23andMe and GSK and you

Home genetics testing leader 23andMe and GSK have teamed up in the drug development business. The two companies have formed an agreement that—in exchange for a $300m investment in 23andMe—affords GSK exclusive rights to develop drugs from the data collected from those who spit into a 23andMe cup. So, here’s the chain of events: you pay money to learn your genetic ancestry or more money to learn your ancestry and some health risks. 23andMe and GSK get your data. 23andMe and GSK develop and commercialize a drug and go all Scrooge McDuck on us. Nice gig if you can get it. To be fair, the consumer has the right to opt out. According to NBC News, Parkinson’s Disease is their first target, so despite this writer casting a little side-eye at the model, it’s still hard to root against them.

Pfizer exits the Alzheimer’s race

Last week Pfizer announced they’re shuttering their neuroscience discovery unit, which dedicates resources to the discovery and development of drugs for both Alzheimer’s and Parkinson’s diseases. While the practical and macro implications of the drug giant’s decision may be minimal—don’t forget, more than 99% of these drugs fail before they get to market—seeing a leader “give up” the search will take the wind out of some sails. Especially for patients and advocacy groups. Pfizer appears to be setting itself up for a “buy” rather than “build” strategy, as they are starting a “neuroscience venture fund,” presumably to snatch up products discovered by the many start-ups who will continue to dig for neuroscience gold.

Now that’s a happy accident

A mistake in mice chow has led to a potential breakthrough in treating Parkinson’s Disease. Marcio Lazzarini was conducting experiments in mice in search of alternative treatments for Parkinson’s by administering 6-hydroxydopamine (6-OHDA)—a neurotoxin that causes dopaminergic neurons to die—when “only two of the 40 mice given 6-OHDA developed symptoms of Parkinsonism, while the rest remained healthy,” said Elaine Del-Bel, one of the study’s authors. Lazzarini realized the mice had been eating food containing doxycycline, a commonly prescribed antibiotic. The group repeated the experiment in a second group of mice delivering doxycycline via peritoneal injection with successful results. It turns out, the antibiotic reduces the toxicity of α-synuclein, a protein that can damage central nervous system cells and cause tremor, stiffness and slow involuntary movements.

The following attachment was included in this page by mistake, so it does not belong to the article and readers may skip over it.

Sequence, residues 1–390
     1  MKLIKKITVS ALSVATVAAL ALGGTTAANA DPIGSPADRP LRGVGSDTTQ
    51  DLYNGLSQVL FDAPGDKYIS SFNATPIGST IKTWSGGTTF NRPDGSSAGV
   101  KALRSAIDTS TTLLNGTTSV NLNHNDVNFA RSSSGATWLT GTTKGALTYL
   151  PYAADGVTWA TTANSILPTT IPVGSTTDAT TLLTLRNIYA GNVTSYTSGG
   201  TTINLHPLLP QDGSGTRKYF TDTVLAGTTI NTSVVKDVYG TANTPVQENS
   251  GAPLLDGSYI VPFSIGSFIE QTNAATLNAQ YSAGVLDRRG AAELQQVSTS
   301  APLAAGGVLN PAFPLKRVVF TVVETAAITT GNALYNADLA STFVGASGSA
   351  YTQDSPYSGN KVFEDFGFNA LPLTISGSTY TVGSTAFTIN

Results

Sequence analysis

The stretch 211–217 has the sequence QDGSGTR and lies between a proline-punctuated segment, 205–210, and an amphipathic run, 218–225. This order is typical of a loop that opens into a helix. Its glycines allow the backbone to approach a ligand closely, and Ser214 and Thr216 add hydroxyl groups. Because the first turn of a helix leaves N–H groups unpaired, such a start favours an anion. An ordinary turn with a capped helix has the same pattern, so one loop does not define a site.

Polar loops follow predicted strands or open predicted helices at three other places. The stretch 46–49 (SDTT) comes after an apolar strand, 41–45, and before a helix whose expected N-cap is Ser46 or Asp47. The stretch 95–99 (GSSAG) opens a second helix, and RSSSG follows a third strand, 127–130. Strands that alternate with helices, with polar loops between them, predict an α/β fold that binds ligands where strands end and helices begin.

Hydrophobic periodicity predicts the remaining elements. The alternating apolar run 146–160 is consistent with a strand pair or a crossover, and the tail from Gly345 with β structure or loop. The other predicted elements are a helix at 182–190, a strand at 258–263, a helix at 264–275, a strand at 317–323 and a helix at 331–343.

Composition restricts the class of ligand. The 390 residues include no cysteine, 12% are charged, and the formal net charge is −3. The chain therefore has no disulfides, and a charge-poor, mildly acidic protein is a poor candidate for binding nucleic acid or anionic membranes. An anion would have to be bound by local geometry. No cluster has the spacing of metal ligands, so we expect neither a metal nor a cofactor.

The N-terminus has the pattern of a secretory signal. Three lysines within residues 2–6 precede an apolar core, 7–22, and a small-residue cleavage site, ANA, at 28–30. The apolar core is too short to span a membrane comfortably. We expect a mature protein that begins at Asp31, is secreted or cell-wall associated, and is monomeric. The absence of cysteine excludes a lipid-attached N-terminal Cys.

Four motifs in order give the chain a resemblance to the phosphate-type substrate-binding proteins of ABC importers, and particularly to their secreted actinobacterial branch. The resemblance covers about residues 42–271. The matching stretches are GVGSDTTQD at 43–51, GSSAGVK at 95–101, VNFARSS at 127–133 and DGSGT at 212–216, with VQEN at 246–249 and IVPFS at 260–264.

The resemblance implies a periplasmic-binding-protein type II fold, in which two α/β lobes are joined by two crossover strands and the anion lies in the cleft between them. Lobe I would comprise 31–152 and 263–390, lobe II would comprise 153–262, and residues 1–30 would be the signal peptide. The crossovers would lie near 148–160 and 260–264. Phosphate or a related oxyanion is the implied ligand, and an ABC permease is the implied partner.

It’s about time

What do Michael J. Fox, Billy Graham and Billy Connolly (funny dude, swears a lot) have in common? Well, two things. One, Parkinson’s Disease and two, they finally have a new treatment option. That’s right, the US FDA has approved the first new Parkinson’s treatment in over a decade. Europe gave the thumbs up in 2015, but the FDA has been dragging its feet since 2010. The reluctance to green light it had something to do with abuse liability and withdrawal effects. Apparently, these aren’t issues in 2017. Patients receiving Newron’s drug, Xadago, experienced more “on” time (less uncontrollable, involuntary movement) when taken with the current treatment. With expected annual sales of $450M and heavy US contribution, expect to see a US celebrity face put to it soon.

4. Make that a Trenta®

While many of us associate the shakes with too much caffeine, research has shown that higher caffeine consumption is associated with reduced motor disability from Parkinson’s disease and slowed progression of non-motor symptoms. While the cause of Parkinson’s is still unknown, studies of the brains of PD patients show the alpha-synuclein protein misfolds causing clumps called Lewy bodies which impair motor control. With this knowledge, scientists sought a way to stop the protein from misfolding. They created a “caffeine scaffold” to build eight compounds that they tested on a yeast model of Parkinson’s disease. Two caffeine-based compounds were found to bind to a-synuclein and stop the protein from forming clumps. Great news for coffee addicts and the pharmaceutical industry, which previously managed symptoms but couldn’t slow PD progression.